ALBANY – New York residents will find it easier to register to vote and to cast their actual votes after the State Legislature Monday passed a series of election law changes designed to improve voter turnout for elections at all levels of government.
Chief among the changes are provisions to open polls more than a week before election days, including on weekends, as well as a “no excuse” vote-by-mail option for residents who can’t – or simply don’t want to – cast their votes at a polling place.
The package of bills, which passed both the Senate and Assembly Monday, also took a first step toward placing New York among 17 other states and the District of Columbia that allow residents to register to vote as late as Election Day. That will, however, still require a separate constitutional amendment referendum via voters statewide, which cannot occur at the earliest until 2021.
The measure to permit absentee voting by mail also needs a change in the constitution for it to be effective. The others all become law effective this year if signed by Gov. Andrew M. Cuomo, who has already signaled his support for the package.
Teens starting at age 16 can become preregistered, such as when they obtain their driver’s permit, so that they are automatically registered to vote when they turn 18.
Making it far easier to register and vote has been hailed by some government watchdogs as a key way to improve New York’s longtime reputation as among the nation’s worst when it comes to voter turnout. But some critics have said the measures will make it too easy to both register and vote – situations that could make voter fraud also simpler.
But Democrats who now control both houses of the State Legislature dismissed the talk. “As elected leaders, we should not fear making it easier for those who are eligible to vote. We should welcome it," said Senate Majority Leader Andrea Stewart-Cousins, a Westchester County Democrat.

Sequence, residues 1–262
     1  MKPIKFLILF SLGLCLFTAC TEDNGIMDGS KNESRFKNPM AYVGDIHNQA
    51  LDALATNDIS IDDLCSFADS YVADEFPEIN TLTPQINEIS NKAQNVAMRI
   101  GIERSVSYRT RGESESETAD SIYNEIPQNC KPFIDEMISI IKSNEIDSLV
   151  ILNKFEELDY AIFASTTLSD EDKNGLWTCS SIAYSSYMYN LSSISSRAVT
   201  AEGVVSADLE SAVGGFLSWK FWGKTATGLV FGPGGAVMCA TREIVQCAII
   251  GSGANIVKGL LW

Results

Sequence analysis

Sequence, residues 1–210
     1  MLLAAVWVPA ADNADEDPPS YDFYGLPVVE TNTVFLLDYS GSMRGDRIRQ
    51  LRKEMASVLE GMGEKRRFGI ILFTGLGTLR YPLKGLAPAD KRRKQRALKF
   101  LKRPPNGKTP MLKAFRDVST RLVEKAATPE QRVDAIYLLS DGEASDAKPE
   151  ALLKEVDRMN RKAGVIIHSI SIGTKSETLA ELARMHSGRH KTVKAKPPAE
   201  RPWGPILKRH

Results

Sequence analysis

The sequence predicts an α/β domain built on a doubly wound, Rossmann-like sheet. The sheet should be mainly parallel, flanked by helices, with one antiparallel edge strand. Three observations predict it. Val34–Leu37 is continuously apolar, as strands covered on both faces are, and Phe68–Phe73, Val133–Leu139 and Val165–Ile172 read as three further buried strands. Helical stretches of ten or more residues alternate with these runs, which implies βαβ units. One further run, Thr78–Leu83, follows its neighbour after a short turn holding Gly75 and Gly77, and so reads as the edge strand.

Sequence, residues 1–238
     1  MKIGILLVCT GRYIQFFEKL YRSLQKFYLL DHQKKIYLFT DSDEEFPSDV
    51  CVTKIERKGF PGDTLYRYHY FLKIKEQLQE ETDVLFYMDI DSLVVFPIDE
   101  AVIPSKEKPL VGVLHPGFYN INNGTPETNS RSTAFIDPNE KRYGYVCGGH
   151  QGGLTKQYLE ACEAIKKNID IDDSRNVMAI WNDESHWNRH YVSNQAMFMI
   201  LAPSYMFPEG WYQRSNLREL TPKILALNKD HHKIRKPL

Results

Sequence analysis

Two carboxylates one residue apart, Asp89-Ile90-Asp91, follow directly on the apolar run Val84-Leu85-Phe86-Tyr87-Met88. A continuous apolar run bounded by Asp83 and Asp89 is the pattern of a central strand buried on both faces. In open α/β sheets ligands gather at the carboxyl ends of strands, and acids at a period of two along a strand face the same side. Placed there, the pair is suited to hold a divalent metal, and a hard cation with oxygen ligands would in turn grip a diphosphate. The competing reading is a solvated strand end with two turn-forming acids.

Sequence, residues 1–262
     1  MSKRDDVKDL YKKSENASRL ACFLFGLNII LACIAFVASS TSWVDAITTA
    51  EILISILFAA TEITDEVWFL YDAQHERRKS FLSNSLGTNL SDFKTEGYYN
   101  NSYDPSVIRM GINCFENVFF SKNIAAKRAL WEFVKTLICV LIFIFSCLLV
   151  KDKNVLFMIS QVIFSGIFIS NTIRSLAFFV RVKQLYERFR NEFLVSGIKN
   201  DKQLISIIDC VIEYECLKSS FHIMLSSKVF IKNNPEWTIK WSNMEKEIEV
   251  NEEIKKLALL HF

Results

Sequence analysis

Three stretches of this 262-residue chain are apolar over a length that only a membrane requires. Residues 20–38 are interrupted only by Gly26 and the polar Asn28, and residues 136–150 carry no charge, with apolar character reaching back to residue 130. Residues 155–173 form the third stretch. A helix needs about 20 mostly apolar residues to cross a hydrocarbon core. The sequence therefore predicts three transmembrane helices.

The package also includes closing a loophole that for more than 20 years has permitted limited liability companies to be treated as individuals – thereby with far higher donation limits – than corporations, which can’t give more than $5,000 in total in a year to state candidates in New York. The law will still permit LLC owners, say real estate developers with multiple projects, to create multiple LLCs that could donate.
Importantly, however, the LLC measure will require such business entities to annually report who owns them, giving a peek into such groups that now is nearly impossible in New York.
The two constitutional amendment measures, to become law, need to be approved by legislators in two, separate sessions. That means the two initiatives would need passage again in 2021 by the Assembly and Senate, statewide voter approval that fall in order to be effective for 2022.
Cuomo’s signature is not needed on constitutional amendment resolutions. Cuomo, who is to unveil his 2019 budget plan on Tuesday, has already signaled that he wants other election law changes, including a ban on corporate donations and aligning voting hours so that most residents upstate don’t have six fewer hours to vote on primary days than downstate residents. Cuomo also wants to make Election Day a state holiday and automatically enroll residents to vote when they interact with state agencies, such as motor vehicles, unless they affirmatively say that they don’t want to register.
The bill package OK'd Monday also ends New York’s sole status in the nation that last year saw federal and state with local elections held during two separate days. Now, a single, statewide primary date will occur in June.
“We’ve seen other states around the country make efforts like the ones we’re going to undertake today, and they’ve had good results. We’re optimistic that this is going to get people to the polling place, make it easier for them to vote and participate in their democracy,’’ said Assemblyman Sean Ryan, a Buffalo Democrat.
The early voting bill has been opposed by some groups for a variety of reasons. A trade group representing New York counties has raised the unfunded mandate argument: Albany is imposing a cost of nearly $10 million on localities without providing funding. Lawmakers say ending the different dates for holding federal and state primaries will save counties to blunt the impact of early voting cost hikes.